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If you set a date as a politician, you can’t be surprised if the public hold you to it. So when Boris Johnson first revealed his March 8 deadline for reopening England’s schools, he knew he was taking a risk.
Of course, he built in some caveats, but for millions of parents, pupils and school staff, the timetable offered a hint of certainty. Here was a desperately longed-for moment that would restart the long process of helping kids to catch up on lost classroom time.
Just as crucial is the loss of playground time and travel-to-and-from-school time with friends. We should never forget that while a few months may seem a long time to adults, a few months is a much, much greater proportion of schoolchildren’s lives. That March 8 date held the promise that kids could be kids once more, and their parents could be parents (and workers) again.
That’s why No.10 worried some today when it hinted that the timetable may be slipping. It may feel like semantics, but it was rather odd that Downing Street just refused to commit to the PM’s previous promise of publishing his route map (for schools and other areas of public life) on Monday February 22, rather than the week beginning the 22. And with a promise of a fortnight’s notice for reopening schools, that would spell delay.
In recent years, people who use dating websites have seen the rise of the term “ghosting”, which means suddenly cutting off all contact after going on a date, without explanation. Johnson can’t ghost his MPs, or the public, but they may feel more than a little upset if he somehow wriggles out of this particular date of March 8.
The Tory backbench Covid Recovery Group certainly smelled trouble, with chair Mark Harper saying “it’s crucial we don’t backslide on this”. Vice chair Steve Baker added: “I fear senior scientists are failing to recognise their power to spread despair and despondency.” That felt like a pop at Sage member Sir Jeremy Farrar, who said daily infections still need to fall dramatically before a roadmap is published.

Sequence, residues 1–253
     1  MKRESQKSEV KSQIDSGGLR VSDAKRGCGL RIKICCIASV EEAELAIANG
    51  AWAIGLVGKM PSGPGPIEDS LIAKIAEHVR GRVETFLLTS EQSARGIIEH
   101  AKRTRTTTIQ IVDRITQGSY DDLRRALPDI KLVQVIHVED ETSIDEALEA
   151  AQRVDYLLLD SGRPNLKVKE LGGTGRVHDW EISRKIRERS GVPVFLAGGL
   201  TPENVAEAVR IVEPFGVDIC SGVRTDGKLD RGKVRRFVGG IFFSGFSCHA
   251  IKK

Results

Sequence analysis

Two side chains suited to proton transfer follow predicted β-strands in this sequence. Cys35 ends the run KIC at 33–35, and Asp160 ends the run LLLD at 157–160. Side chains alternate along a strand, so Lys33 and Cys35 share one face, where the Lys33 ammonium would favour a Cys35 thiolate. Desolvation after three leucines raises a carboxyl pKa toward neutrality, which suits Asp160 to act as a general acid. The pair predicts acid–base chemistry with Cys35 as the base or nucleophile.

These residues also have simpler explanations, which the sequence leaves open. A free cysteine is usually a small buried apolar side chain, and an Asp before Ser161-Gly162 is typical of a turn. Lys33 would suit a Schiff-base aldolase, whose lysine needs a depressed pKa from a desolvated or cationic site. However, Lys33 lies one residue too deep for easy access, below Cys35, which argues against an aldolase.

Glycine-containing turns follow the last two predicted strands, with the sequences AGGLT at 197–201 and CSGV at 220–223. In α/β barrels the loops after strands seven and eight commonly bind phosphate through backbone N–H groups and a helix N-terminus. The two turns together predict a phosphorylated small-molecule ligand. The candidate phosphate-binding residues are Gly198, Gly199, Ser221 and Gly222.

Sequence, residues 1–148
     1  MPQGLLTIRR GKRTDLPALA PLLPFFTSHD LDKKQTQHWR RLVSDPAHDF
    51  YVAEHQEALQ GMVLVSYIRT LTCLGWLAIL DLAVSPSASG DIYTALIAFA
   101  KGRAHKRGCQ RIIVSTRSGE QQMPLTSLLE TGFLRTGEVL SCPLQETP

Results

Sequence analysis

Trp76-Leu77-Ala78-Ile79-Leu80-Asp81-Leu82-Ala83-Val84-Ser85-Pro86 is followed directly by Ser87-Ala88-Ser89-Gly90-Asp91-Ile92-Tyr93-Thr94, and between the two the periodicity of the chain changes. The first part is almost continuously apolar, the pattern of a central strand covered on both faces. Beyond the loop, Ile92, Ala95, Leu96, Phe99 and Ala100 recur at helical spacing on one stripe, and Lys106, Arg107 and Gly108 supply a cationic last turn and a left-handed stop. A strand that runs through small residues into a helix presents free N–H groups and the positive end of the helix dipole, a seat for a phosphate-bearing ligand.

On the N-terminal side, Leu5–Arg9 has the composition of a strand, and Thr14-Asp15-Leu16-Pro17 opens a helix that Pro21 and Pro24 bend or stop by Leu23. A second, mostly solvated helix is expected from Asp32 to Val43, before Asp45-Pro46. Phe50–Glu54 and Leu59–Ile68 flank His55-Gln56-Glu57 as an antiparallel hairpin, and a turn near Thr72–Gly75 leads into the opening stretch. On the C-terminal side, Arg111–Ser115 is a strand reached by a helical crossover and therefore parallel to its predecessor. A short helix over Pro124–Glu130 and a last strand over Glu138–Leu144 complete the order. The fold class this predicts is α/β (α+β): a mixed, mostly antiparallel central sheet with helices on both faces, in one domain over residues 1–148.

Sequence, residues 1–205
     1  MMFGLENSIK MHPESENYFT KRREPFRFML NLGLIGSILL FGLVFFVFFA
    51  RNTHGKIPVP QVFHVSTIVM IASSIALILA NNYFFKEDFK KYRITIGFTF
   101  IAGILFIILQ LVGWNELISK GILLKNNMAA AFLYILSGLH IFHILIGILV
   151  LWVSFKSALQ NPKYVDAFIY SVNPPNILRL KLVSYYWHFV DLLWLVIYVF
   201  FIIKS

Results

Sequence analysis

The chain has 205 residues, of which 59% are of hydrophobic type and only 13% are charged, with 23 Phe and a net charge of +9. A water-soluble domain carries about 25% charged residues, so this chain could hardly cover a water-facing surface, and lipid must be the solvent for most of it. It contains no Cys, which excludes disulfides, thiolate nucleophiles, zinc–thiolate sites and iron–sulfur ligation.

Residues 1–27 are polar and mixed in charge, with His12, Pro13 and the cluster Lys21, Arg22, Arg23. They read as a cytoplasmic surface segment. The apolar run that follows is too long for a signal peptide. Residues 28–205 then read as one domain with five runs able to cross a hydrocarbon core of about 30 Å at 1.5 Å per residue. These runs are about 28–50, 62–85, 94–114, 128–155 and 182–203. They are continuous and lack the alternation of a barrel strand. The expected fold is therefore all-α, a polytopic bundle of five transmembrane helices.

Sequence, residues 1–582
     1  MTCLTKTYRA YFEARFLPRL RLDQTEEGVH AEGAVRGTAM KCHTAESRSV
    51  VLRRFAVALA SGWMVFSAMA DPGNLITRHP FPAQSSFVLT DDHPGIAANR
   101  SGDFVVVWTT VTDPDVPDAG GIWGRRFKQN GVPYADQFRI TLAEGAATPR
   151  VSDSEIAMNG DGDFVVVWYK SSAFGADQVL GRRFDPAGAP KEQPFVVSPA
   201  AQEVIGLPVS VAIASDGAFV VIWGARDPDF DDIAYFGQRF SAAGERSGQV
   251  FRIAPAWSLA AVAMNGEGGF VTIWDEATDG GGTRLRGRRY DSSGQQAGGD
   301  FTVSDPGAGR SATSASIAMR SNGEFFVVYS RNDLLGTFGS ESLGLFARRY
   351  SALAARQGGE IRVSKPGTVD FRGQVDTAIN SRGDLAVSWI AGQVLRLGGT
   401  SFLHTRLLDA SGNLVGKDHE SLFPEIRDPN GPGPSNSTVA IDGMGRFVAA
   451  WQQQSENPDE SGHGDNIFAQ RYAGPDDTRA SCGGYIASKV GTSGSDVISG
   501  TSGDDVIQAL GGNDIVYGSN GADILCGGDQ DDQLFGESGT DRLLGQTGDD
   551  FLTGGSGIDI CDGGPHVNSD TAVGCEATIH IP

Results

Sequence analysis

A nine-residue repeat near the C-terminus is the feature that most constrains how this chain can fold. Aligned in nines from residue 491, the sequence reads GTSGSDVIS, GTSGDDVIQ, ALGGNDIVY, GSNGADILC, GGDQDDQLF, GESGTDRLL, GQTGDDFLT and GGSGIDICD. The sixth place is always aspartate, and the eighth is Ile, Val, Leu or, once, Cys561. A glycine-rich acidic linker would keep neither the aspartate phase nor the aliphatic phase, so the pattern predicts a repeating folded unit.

It’s worth saying that the PM has painted himself into corners before, and politically zip-wired his way back out of them. A few days delay here or there may not matter, if that’s all they are. Yet any slippage would inevitably lead to suspicions that further pledges should not be believed.
Which brings us to another thorny issue: just how schools will be fully reopened. The strong preference in No.10 has been against a regional staggering, but in favour of a gradual process of different year groups coming back at different times. But there are however growing calls from Tory MPs for the return of regional variation, or tiering.
In fact it was at the same press conference earlier this month when the PM first made his “on February 22” promise, that he also suggested all regions would walk out of the pandemic at the same rate. He talked about the graphs showing “pretty uniform” patterns across the country and said it felt like “we’ll be going down in tiers nationally”. There was a caveat that ”that obviously could change”, and he stressed he was keeping an “open mind”.
In recent days, London has been showing more dramatic falls in cases than in other areas, prompting some Tories to argue that varied tiers are back on the agenda. Greater Manchester Mayor Andy Burnham pounced, and warned that there would be a curious double standard if the north had been put into lockdown because of the capital’s cases, but kept in lockdown because of its own cases.
Burnham, who this week was candid enough to admit he still hadn’t ruled out becoming Labour leader one day, has certainly got under Johnson’s skin over the past year. His tweets in recent days have also failed to scotch speculation that he may face the PM in 2024 rather than Keir Starmer. (Stamer’s PPS Carolyn Harris tells our podcast she loves Burnham but “we’re doing fine on our own thanks, just support us”.)
Yet what would swing the PM back towards tiers would be sustained proof of differing case rates and progress in different areas. Some of his MPs (including in the north) are already muttering that they shouldn’t be penalised because “drag anchor” areas like parts of Greater Manchester are lagging behind.
Don’t forget that Chris Whitty and Patrick Vallance supported tiers as a concept last year. The sheer speed of the spread of the “Kent variant” and higher transmissibility may make that concept redundant, however. The point is that in all that number crunching behind closed doors next week, both the politicians and scientists will be looking at how the north is doing.
If that March 8 date slips, stubbornly high rates in regions outside London could be the real reason, not just a slip of the tongue of the PM’s spokesman.